Invert Emulsions

Pesticides formulations: Invert Emulsions

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Pesticides formulations: Invert Emulsions

A pesticide formulation is a combination of active and inert ingredients that forms an end-use pesticide product. Pesticides are formulated to make them safer or easier to use. This is because many pesticide active ingredients, in “pure” (technical grade) form, are not suitable for application. In their concentrated form, some are extremely toxic, many do not mix well with water, some are unstable, and some are difficult (or unsafe) to handle, transport, or store. To address these problems, manufacturers add inert ingredients to end-use pesticide products. Inert ingredients have no pesticidal activity, and some simply serve as diluents or carriers.

Invert Emulsions

Invert emulsions contain a water-soluble pesticide dispersed in an oil carrier. These products require a special kind of emulsifier that allows the pesticide to be mixed with a large volume of petroleum-based carrier, usually fuel oil. Invert emulsions are less susceptible to drift because oil evaporates more slowly than water. When applied on a hot, dry day, a water-based droplet will become smaller as the water portion of the droplet evaporates. Invert emulsion droplets do not “shrink” as rapidly when applied in the same weather conditions. This means less drift and more pesticide on target. Invert emulsions are thick mixtures, with the consistency of mayonnaise. In addition, invert emulsions are applied as very large droplets, which reduce drift.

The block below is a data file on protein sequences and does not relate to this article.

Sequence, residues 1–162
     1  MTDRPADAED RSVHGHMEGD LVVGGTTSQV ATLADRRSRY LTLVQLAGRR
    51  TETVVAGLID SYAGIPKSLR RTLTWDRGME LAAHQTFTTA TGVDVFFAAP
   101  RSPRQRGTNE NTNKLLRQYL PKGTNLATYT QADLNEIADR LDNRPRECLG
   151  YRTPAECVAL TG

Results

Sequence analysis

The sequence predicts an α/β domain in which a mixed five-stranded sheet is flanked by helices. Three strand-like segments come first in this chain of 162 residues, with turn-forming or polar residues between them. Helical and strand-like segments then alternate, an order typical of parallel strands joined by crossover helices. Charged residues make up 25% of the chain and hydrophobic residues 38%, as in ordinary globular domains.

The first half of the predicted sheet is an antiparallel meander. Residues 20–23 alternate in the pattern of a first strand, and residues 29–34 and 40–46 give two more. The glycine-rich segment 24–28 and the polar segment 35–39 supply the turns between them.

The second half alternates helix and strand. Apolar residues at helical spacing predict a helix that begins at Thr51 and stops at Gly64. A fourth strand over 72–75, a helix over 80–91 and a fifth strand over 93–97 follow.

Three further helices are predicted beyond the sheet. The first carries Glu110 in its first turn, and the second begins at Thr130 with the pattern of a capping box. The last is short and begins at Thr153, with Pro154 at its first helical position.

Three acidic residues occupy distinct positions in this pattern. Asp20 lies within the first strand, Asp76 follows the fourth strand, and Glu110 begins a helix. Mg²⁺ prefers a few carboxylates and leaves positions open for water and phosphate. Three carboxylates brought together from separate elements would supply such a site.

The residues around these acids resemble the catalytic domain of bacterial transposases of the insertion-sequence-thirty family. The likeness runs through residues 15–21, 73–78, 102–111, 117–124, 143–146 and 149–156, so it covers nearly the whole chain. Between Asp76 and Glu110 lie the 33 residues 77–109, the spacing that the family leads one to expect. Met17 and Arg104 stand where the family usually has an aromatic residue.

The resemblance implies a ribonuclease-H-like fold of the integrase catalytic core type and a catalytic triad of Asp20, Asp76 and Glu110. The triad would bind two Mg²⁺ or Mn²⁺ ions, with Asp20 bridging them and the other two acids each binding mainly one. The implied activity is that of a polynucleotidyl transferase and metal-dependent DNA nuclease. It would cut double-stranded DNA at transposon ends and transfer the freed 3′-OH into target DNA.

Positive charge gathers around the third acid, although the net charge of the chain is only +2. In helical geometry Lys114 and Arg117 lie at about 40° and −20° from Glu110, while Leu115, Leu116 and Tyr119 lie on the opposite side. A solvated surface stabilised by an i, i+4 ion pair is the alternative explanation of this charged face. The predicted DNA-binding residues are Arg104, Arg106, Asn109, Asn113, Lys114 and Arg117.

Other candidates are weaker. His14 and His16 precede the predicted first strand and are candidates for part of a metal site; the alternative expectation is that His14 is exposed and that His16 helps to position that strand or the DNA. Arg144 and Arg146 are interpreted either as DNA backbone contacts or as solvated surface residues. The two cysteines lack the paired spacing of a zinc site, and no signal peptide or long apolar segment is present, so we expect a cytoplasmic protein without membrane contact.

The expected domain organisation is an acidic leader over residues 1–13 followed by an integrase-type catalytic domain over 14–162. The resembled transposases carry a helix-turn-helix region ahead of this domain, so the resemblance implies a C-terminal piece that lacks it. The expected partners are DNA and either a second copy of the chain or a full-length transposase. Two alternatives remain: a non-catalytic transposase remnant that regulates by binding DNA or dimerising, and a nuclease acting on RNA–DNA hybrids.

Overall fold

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The oil phase of this kind of formulation also serves as a sticker spreader This quality improves rainfast properties and surface coverage. It also increases absorption and/or penetration. This, in turn, reduces loss due to runoff. Invert emulsions are relatively uncommon. They are most often used in weed control on rights-of-way to reduce the chance of drift to susceptible non-target plants or sensitive areas.

Image from ScienceDirect

Advantages

  • Low drift.
  • Increased rate of penetration and/or absorption.
  • Increased rainfastness and reduced runoff.

Disadvantages

  • Difficult to treat the underside of foliage or other targets because droplets are large and heavy.
  • Limited availability.
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